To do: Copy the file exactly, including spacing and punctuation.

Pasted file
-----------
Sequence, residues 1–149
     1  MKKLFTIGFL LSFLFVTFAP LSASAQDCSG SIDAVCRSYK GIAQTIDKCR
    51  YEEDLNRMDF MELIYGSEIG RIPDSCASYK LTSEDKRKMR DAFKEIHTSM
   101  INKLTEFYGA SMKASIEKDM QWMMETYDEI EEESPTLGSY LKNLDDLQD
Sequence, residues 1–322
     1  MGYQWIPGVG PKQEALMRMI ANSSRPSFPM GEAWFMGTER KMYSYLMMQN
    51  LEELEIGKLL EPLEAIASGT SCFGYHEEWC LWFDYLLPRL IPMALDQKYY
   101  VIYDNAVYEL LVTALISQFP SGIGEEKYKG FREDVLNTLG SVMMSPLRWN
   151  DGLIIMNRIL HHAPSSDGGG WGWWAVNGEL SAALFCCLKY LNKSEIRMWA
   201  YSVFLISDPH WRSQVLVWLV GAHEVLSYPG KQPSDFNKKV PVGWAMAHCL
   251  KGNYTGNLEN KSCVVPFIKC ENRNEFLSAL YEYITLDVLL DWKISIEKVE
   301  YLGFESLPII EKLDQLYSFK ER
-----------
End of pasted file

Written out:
Sequence, residues 1–149
     1  MKKLFTIGFL LSFLFVTFAP LSASAQDCSG SIDAVCRSYK GIAQTIDKCR
    51  YEEDLNRMDF MELIYGSEIG RIPDSCASYK LTSEDKRKMR DAFKEIHTSM
   101  INKLTEFYGA SMKASIEKDM QWMMETYDEI EEESPTLGSY LKNLDDLQD
Sequence, residues 1–322
     1  MGYQWIPGVG PKQEALMRMI ANSSRPSFPM GEAWFMGTER KMYSYLMMQN
    51  LEELEIGKLL EPLEAIASGT SCFGYHEEWC LWFDYLLPRL IPMALDQKYY
   101  VIYDNAVYEL LVTALISQFP SGIGEEKYKG FREDVLNTLG SVMMSPLRWN
   151  DGLIIMNRIL HHAPSSDGGG WGWWAVNGEL SAALFCCLKY LNKSEIRMWA
   201  YSVFLISDPH WRSQVLVWLV GAHEVLSYPG KQPSDFNKKV PVGWAMAHCL
   251  KGNYTGNLEN KSCVVPFIKC ENRNEFLSAL YEYITLDVLL DWKISIEKVE
   301  YLGFESLPII EKLDQLYSFK ER